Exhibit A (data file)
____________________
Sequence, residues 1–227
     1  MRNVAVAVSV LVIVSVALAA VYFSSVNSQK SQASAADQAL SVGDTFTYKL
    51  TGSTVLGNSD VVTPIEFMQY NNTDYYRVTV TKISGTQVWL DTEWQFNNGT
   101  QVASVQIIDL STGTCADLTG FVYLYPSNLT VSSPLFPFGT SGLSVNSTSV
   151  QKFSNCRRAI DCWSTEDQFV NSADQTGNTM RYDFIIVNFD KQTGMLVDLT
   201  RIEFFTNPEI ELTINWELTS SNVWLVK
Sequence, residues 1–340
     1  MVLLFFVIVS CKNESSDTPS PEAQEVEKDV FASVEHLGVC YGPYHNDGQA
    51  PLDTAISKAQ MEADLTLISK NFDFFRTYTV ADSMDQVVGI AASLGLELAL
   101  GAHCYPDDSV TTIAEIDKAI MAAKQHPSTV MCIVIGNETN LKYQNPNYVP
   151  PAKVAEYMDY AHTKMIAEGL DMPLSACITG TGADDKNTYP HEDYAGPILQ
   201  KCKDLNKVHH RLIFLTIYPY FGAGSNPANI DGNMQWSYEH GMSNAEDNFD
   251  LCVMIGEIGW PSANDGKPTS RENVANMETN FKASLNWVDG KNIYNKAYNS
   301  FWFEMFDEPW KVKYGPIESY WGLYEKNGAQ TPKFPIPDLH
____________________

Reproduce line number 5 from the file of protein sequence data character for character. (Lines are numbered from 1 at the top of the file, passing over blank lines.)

   151  QKFSNCRRAI DCWSTEDQFV NSADQTGNTM RYDFIIVNFD KQTGMLVDLT